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StrangeSights: A stone Mercedes in Croatia; an unusual perfume; and, a recycled wood Eiffel Tower

DAVID ADAMS provides a round-up of some stories on the odder side of life…

An artist works on a life size Mercedes monument in Imotski, Croatia, on 15th February, 2024. PICTURE: Reuters/Antonio Bronic

• Local Croatian sculptor Roko Drzislav Rebic is carving a life-sized stone replica of a Mercedes Benz Minika car as a monument to the thousands of workers who left their homeland in search of a better fortune abroad. The Mercedes came to be known as a symbol of success for those workers, who would drive home in their cars to show they had made money after fleeing poverty and unemployment. The monument will be revealed on 8th June in Imotski, a small town situated on the slopes of the Dinara mountain, 30 kilometres from the famed Adriatic coast. The town’s population has decreased over decades due to successive waves of migration. “Our fathers and grandfathers moved away, mostly to Western Germany at the time to earn something. To show they have earned some money they would drive back home in their Mercedes car,” Ivan Topic, who runs a club of old-timer vehicles told Reuters. “Out of gratitude to them we are building this monument today,” Topic, who owns eight Mercedes cars, told Reuters. One of the biggest waves of economic migration began in 1971, when thousands left for Germany in search of work. Another was in 2018 after Croatia joined the European Union and thousands of young people left the country to work in Western Europe. Rebic told Reuters that the stone was brought from areas near Imotski and once the monument is finished it will weigh 50 tonnes.  Topic said that according to his estimates there are up to 8,000 Mercedes cars in Imotski which has the population of 25,000.  “Not all of the cars are registered.” he said. – ANTONIO BRONIC, Imotski, Croatia/Reuters


Tobacco leaves hang inside a curing barn at a farm in Cuba’s western province of Pinar del Rio, on 16th February, 2015. PICTURE: Reuters/Alexandre Meneghini/File photo

A Cuban entrepreneur believes she has hit upon a formula for a unique homegrown perfume she hopes someday to sell to the world. Her secret ingredient? Cuba’s prized tobacco leaf. Tobacco, one of Cuba’s top and best-known exports, thrives across much of the western half of the Caribbean island, and especially in Pinar del Rio province, home to the world’s finest tobacco and cigars. The cigar leaves, green and veiny, are crushed and their fragrant-filled juices blended with alcohol and other essences, Clara Camalleri, 53, told Reuters in her small laboratory next to her family home. “It gives it a special touch and smell, more well-rounded,” she said.  She describes the smell of the tobacco-based perfume, which she calls “Vitola Cubana”, as “exotic” with hints of “acid and wood that confer a seductive and distinctive character.” Camalleri said she began making perfumes at home in 2018 but created the business not long ago, after Cuba’s communist-run government lifted a ban on private companies that had been in place since just after Fidel Castro’s 1959 revolution. Entrepreneurs in Cuba, battling through its worst economic crisis in decades, face particular challenges, said Camalleri who worked through a blackout on a recent morning. “[Making perfume] is complicated, not just in Cuba, but anywhere. And here we have many more obstacles,” she said. Obtaining raw materials, imports and even the basics such as electricity and packaging can be challenging, she added. Despite the hurdles, Camalleri also produces other perfumes, antibacterial gels and colognes from essences derived from sunflower, chocolate, coffee and cinnamon. Working alongside her mother, father and two daughters, she said she hopes that one day she will be able to export her products but in the meantime, has found a strong market at home.  “In Cuba, there’s a shortage of perfumes…and so we’re trying to meet that demand,” Camalleri said. – ALIEN FERNANDEZ and CARLOS CARRILLO, Havana, Cuba/Reuters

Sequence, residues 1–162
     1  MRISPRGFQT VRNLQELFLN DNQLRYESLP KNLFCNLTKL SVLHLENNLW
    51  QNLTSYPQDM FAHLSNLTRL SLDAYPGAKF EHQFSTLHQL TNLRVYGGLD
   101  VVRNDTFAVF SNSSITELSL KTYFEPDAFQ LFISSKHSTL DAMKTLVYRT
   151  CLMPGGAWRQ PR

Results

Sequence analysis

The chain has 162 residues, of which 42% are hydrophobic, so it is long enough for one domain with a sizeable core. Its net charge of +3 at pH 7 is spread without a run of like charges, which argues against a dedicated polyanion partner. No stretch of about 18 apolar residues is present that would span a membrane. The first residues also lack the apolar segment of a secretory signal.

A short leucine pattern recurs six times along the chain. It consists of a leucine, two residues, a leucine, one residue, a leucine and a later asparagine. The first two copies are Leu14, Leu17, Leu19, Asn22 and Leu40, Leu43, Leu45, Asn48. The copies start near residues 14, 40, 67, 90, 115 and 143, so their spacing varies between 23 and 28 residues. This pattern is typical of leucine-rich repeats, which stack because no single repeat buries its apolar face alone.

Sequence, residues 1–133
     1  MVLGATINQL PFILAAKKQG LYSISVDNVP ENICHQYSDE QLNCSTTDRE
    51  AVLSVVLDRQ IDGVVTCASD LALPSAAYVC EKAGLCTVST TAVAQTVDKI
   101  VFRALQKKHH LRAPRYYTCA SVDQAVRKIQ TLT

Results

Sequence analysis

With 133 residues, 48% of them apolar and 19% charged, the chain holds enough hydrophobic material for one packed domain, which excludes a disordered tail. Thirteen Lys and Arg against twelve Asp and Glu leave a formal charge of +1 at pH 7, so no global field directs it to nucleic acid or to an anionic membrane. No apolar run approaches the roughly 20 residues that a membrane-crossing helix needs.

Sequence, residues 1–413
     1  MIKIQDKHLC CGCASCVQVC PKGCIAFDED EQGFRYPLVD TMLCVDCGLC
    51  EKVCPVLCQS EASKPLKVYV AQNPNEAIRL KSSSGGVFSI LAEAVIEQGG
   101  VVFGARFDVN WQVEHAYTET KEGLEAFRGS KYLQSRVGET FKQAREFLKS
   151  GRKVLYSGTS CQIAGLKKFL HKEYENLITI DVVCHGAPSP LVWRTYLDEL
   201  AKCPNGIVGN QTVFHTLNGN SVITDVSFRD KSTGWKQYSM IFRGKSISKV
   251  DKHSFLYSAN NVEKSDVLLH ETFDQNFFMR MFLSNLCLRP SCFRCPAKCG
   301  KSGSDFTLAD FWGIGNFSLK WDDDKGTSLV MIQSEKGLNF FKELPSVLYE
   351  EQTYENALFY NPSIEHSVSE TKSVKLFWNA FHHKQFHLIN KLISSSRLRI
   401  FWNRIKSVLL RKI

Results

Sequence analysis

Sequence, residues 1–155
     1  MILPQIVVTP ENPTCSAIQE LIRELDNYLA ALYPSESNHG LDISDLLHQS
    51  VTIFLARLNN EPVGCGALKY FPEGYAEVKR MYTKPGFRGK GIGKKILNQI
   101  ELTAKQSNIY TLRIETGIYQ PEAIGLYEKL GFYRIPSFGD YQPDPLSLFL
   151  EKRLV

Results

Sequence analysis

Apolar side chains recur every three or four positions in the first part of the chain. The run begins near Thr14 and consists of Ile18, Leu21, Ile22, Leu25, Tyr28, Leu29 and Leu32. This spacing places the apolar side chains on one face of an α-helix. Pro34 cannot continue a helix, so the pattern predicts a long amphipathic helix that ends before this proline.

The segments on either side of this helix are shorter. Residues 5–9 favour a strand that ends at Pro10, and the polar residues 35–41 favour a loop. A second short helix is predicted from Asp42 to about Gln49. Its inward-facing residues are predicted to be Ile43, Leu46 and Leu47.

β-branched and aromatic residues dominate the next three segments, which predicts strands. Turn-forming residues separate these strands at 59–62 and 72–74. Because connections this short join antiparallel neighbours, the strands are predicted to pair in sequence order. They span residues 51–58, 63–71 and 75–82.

•  Two friends in western France have built a 16 metre high replica of the Eiffel Tower from recycled wood, which they hope to display along the path of the Summer 2024 Olympic torch relay and on Olympic sites. Frederic Malmezac, a 38-year-old carpenter, paired up with 46-year-old Sylvain Bouchard to build the model, using wood that would otherwise have been thrown away. “The project was to build a wooden Eiffel Tower replica using as much recycled material as possible…to show that with material due to be thrown away, we can build great things,” Malmezac said. The pair used about 825 pieces of wood, Malmezac said, starting their project in September, 2023. They are hoping to soon get authorisation to display their mini-Eiffel Tower near Olympic sites. – STEPHANE MAHE, La Chevroliere, France/Reuters



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